Lady Fingers and Empire Biscuits

SHOW IMAGE-Lady-Fingers-and-Empire-Biscuits_RESIZED

25th – 27th October 2014, The Arches, Part of Glasgay! and Cutlure 2014

In 2014 I received a commission from Culture 2014 to travel to India and create a performance exploring the relationship between Britain and India in terms of colonialism and sexuality. This was part of the Cultural festival that was accompanying the Commonwealth Games.

In December 2013 the Supreme Court in India reinstated a law criminalising homosexuality in India. This law had originally been passed during British Rule. At the beginning of this process I was researching into the export of Victorian values about sexuality to countries across the world during the time of the British empire, and how many of these countries still enforce the homophobic laws that were part of Britain’s legacy. I felt passionate about exposing this during the commonwealth games festival, and developed a kind of fetish for colonial guilt.

However, during my trip to India and through further research it became clear to me that the situation was far more complicated. India is a vast country with a long and complex history, and I felt like a colonial impostor arriving over there and demanding that people speak to me about the relationship between Britain and India and wanting to take all the blame for everything. For people out there today fighting for equality, this investigation felt largely irrelevant.

The process became difficult and shed a light on an uncomfortable perspective of my role as a white British artist spending a bit of time in India and then creating a performance for an audience in Glasgow after the Commonwealth Games. It became clear to me that I couldn’t make a performance ‘about’ India, and that the othering of different cultures that was taking place was a big part of the problem. The simplistic narrative about Britain exporting homophobia across the world to all these other ‘poor’ countries who haven’t managed to develop beyond that because they are so ‘backward compared to us’ was hugely problematic and yet seemed to be being represented in other areas of the cultural programme.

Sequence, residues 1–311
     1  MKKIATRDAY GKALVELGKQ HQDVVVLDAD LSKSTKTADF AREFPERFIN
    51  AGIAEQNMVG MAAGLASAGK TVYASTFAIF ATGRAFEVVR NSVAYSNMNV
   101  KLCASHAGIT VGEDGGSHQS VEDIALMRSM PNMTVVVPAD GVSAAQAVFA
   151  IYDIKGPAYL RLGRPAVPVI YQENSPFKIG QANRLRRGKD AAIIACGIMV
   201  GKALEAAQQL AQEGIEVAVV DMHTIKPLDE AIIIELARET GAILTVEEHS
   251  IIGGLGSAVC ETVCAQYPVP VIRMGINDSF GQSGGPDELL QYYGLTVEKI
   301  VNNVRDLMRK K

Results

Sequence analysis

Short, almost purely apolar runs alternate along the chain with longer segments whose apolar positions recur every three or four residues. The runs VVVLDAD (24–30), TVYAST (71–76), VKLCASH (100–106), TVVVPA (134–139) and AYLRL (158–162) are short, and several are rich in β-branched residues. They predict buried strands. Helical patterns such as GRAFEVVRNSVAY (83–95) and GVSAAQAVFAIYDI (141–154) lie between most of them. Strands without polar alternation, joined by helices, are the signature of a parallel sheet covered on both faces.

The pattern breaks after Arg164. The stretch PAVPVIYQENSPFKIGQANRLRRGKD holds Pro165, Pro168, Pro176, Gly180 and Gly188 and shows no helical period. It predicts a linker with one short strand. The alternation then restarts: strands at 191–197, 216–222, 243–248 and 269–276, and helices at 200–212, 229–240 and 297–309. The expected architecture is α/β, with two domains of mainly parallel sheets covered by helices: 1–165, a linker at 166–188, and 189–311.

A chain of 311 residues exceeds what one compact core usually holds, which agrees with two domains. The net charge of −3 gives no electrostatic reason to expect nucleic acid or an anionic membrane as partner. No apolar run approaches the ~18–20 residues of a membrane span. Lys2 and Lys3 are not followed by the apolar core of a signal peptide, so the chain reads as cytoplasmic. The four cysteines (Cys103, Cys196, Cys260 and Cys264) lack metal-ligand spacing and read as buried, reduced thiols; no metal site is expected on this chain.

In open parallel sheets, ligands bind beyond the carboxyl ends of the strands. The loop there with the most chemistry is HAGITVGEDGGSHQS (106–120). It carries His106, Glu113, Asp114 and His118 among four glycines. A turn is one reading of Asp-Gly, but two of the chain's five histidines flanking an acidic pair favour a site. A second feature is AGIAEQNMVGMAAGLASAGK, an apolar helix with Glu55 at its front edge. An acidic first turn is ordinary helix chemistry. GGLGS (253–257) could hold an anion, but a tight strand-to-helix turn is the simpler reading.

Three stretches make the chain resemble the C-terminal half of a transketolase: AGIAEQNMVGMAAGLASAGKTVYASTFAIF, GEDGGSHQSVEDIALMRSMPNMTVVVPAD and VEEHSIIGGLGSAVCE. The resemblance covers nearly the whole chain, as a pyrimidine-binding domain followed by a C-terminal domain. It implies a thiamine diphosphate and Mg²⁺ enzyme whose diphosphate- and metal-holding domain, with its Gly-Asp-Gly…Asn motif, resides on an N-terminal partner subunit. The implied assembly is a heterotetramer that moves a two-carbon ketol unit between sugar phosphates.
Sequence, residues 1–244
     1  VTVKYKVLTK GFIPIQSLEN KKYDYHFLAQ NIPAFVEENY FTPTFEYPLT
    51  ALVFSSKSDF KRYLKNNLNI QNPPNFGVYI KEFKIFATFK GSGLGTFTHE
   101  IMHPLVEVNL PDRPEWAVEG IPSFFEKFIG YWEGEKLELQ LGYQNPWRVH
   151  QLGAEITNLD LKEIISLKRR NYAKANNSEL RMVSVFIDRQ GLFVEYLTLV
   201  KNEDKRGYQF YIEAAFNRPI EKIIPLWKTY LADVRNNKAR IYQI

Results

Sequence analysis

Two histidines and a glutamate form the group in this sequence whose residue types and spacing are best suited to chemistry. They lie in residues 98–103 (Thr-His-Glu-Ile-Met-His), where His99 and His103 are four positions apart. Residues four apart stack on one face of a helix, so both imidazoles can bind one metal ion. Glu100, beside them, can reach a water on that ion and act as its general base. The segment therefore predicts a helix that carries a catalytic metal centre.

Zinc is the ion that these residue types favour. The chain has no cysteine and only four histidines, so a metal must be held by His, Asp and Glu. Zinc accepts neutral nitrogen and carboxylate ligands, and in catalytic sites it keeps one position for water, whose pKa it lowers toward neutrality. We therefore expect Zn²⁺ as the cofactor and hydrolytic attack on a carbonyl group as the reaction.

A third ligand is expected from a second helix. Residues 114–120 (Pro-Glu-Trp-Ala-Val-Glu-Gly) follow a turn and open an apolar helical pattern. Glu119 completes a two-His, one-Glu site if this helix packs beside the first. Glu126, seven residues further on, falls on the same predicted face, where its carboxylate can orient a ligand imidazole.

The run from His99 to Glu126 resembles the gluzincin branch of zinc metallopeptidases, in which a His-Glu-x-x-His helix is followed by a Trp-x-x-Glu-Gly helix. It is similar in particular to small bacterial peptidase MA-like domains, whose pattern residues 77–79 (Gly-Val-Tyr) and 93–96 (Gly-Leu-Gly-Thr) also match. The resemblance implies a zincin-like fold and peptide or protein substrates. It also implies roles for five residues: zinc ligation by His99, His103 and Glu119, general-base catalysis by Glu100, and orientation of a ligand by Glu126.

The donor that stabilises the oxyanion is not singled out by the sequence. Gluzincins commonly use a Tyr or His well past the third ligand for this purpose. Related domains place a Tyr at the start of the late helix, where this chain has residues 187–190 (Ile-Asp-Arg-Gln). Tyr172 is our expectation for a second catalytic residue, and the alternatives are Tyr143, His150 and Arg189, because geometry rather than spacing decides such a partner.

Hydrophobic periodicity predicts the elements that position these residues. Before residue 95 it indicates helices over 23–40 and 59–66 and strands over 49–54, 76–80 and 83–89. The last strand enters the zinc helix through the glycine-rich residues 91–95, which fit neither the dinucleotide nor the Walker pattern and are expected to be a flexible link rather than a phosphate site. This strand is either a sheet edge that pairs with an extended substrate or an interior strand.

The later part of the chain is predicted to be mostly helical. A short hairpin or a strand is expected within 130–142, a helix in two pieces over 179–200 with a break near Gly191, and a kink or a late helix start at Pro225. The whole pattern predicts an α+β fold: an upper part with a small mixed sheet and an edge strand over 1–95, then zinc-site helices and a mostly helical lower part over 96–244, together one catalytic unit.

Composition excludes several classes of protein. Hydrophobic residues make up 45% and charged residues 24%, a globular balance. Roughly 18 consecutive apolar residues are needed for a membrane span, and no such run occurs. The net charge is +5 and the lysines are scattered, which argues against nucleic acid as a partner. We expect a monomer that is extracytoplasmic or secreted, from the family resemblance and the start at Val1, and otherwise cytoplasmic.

I became interested in presenting this artistic journey as a way of exploring the white british identity and history that I had felt so acutely reflecting off of me at times whilst I was in India, the idea of British supremacy, and also questioning how far attitudes in the UK have really progressed.

I used the frame of a Victorian lecture, and created a performance that was in two parts: the first, a long text based lecture with me in Victorian tails, that interweaved stories from my actual experience of traveling to India, historical events, modern day conservative speeches and long repetitive sequences; the second part was a break free from the text and the suit into a naked body and a wild destruction of the long table which was the setting for the performance and had been laid neatly with a white table cloth and regimented rows of lady fingers and empire biscuits. The performance was dealing with binaries and opposites, us/them, formal/carnal, language/body, here/there, near/far, east/west, past/future.

**** The Herald: “This is a piece that howls, a piece that growls – and by the end, you don’t know whether to laugh or shudder. Either way, you’re unlikely to leave the space that Rosana Cade has commanded feeling indifferent to a visceral solo performance that has vented a range of cogent social issues.

These centre, with blistering honesty, on her own identity – she is a radical gay artist based in Glasgow – but they push insistently into the broader, increasingly prickly terrain of what shapes who we are as individuals and as a nation. Cade had, initially, been interested in the sexual legacy of the Raj. She returned from India possessed of a volatile confusion that she now channels into this performance.

The mood of old regime is set when the Butler (Craig Manson) seats us at a dining table (set with Empire biscuits) intoning “remember your manners and know your place.”

Cade herself is in the bald-pated, tail-coated persona of a pukka chap who sputters and rants over the well-worn phrases that – regardless of exact words – mouth of us and them divisions, and a superiority that has history and the law as back up.

Cade’s interest in India’s recent reintroduction of anti-homosexuality legislation, however, shape-shifted into something else – an unnerving awareness of her alien Britishness which she expresses, on the table, in a whimpering display of fear and puzzlement.

That same table subsequently supports an unbridled nakedness – and a graphic intimacy with the Empire biscuits – when Cade, who has already connected carnally with dogs, becomes a yelping bitch in heat.

It’s her way of hounding the conventions of normality and it bites, sharp and hard.”




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